Geese for home protection

Safety Tips for Rural Living

Today I got a call from an elderly client, devastated and distraught because her house was broken into while she was undergoing a hernia operation in Sydney.
Not only was EVERYTHING stolen – tv’s, jewellery, tools, even the electric kettle – the thieving scumbags even stole the wooden panelling off her walls!  Apparently someone did see a car and caravan parked outside her place and had the sense of mind to report it, however the damage had already been done. Hopefully, the police will be able to catch the thieves before they manage to sell off most of her belongings.

While isolated rural living is peaceful, away from traffic and noise, isolation has its downside in that it’s exactly this which makes for perfect targets as they are often far away from watchful neighbours and police presence.

Because rural thieves are less concerned about being discovered in the act, they are more likely to clean out the house of everything marketable.

So today’s post is written with rural safety in mind.


The first thing to do about security on the back roads is to get to know the neighbours. They may not be in direct line of sight of your house and property, but if they have an idea of who belongs in the area, they’ll be able to tell when someone seems suspicious. Always let them know when you are going away, when you intend to return, and if you’ll be expecting any visitors/house-minders to drop by.


The second line of defence is a good lock. A snap lock in the doorknob is almost an invitation to put a hammer or screwdriver into the frame and pop it. A really secure deadbolt that takes a key on both sides will prevent thieves from cutting into the door and just turning the inside latch.

A deadbolt is not much use without a solid door. If no one is around, a determined thief will take a sledgehammer to the door frame. Make sure the solid door is installed correctly so that it can’t be battered in easily. Windows can still be jimmied with a screwdriver or broken with a rock, however, it may limit just how much the thieves end up taking if they can’t easily carry it out through the front door.


A vicious dog is never a good idea as any animal which is trained to fear and attack humans will be a hazard to family and friends, and a huge legal liability if it should harm anyone, even a thief. An indoor dog that will bark if anyone approaches may be a lot more effective.

If your dog is in a fenced yard or an accessible area, a determined thief could easily harm the animal with a weapon or poison. Alternative guard animals could be a flock of geese, a donkey or even llamas! Many people will have second thoughts about entering an area with farm animals that have uncertain temperaments. Geese and donkeys are particularly good at alerting their owners to invasion and trouble, and believe me, no one wants to mess with an angry goose!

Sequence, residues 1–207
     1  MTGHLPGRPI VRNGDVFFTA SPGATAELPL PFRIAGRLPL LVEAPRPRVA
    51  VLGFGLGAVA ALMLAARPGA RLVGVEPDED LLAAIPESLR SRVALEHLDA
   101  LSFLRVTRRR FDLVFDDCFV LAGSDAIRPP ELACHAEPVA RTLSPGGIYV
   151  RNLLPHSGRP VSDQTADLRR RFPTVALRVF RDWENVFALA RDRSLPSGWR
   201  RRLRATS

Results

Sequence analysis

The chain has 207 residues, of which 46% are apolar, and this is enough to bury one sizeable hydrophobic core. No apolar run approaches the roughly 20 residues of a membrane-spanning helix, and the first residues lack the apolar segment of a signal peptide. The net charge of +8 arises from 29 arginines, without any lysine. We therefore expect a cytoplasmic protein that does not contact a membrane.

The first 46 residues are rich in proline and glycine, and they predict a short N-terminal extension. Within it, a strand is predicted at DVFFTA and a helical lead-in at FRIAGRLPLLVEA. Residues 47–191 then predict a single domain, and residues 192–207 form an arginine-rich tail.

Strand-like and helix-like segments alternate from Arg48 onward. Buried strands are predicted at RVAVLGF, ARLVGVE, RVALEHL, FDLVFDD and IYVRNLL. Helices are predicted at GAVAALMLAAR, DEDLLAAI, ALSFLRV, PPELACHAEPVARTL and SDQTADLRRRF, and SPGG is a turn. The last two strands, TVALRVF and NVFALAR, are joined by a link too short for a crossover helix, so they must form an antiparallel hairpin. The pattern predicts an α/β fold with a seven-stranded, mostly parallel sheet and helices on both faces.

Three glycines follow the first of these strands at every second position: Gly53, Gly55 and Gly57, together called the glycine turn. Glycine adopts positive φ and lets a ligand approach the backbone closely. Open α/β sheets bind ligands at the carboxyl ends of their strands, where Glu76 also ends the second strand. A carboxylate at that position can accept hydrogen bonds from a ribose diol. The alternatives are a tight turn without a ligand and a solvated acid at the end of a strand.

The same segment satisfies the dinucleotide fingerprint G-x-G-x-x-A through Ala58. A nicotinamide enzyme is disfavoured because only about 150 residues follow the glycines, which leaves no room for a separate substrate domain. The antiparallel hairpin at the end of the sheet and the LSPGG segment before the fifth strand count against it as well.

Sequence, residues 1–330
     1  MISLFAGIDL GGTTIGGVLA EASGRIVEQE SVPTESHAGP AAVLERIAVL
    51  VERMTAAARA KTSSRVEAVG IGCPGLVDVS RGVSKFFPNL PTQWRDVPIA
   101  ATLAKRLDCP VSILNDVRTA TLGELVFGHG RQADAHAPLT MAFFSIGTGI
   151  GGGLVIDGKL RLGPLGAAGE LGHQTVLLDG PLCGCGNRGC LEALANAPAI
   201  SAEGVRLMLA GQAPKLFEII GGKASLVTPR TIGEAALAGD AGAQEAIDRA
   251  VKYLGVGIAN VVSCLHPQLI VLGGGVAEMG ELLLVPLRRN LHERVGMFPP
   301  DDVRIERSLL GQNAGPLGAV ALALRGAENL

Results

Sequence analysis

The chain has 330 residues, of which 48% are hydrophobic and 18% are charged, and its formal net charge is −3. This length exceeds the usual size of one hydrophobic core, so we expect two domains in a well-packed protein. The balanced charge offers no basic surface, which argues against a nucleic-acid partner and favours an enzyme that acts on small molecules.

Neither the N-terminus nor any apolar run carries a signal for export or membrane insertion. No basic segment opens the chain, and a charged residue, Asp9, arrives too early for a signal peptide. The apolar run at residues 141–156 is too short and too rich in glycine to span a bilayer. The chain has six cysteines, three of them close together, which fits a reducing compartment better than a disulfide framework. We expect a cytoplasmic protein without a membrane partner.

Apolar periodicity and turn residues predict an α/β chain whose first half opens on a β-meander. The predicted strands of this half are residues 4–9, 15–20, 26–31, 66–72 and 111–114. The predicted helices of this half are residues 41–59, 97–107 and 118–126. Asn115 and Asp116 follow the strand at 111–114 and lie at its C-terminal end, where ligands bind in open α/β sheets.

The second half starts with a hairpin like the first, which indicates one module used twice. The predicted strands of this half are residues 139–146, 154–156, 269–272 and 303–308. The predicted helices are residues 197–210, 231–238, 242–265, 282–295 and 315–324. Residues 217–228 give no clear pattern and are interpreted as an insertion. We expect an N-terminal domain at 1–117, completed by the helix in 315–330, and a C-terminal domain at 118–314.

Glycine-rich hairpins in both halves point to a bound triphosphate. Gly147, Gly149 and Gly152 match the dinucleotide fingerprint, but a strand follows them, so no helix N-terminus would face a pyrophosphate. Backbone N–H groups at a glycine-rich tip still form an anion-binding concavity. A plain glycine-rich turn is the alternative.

Make a detailed inventory of all personal valuables, household and farm equipment. Record serial and model numbers, inscriptions, replacement value and other identifying features. Photograph or video valuable jewellery, antiques and other collectables. Keep inventory and photographs in a safe locked place, preferably offsite, and update regularly.  Don’t just save your digital photographs and inventory list on your computer because there goes all your records when the thieves walk out with the computer as well.

You can buy a cheap inscribing tool for under $30 from any hardware store.  Obvious ownership marks that can’t be removed or obscured will signal to a burglar that the television, laptop, camera etc aren’t worth taking.



Unfortunately, sheds and outbuildings are all too easily accessible.  Hasps and padlocks will work fine if they are heavy enough and installed properly. The question to ask yourself is, “Can I take that off with a crowbar or a hammer?”  If the answer is yes, upgrade to a better grade of hasp and padlock.  Also make sure padlocks are bolt-cutter proof.

Tractors and field equipment can be targets for thieves if they know they have plenty of time.  Even hay bales and horse yards are not exempt and are, in fact,  a high commodity as they are not easily identifiable so very easily sold.  If your equipment is left outdoors, try to make it as inaccessible as possible;  have it out of sight behind a building where possible.

Heavy chain threaded through the rear wheels of a tractor and locked back on itself or around something immovable works but it has to be heavy enough to resist common bolt cutters. Park it hard against something immovable as well and suddenly it all seems too hard and the thief  may move on to easier game.

Removing a key component required to operate a tractor also works.  Taking the spark plugs out, whilst making it immobile, won’t stop a thief from winching the tractor onto a trailer.   However removing the steering wheel or a front tyre works as a strong visible deterrent.

If there is a self-storage facility nearby, consider storing your tractor or field equipment there if you’re going to away for a prolonged period.  It’s a small investment for the security of your very expensive equipment, not to mention, peace of mind!


While all of the above will help, the best line of defence for overall security of your rural property if a prolonged absence is necessary, is to have a friend or family member stay on the farm.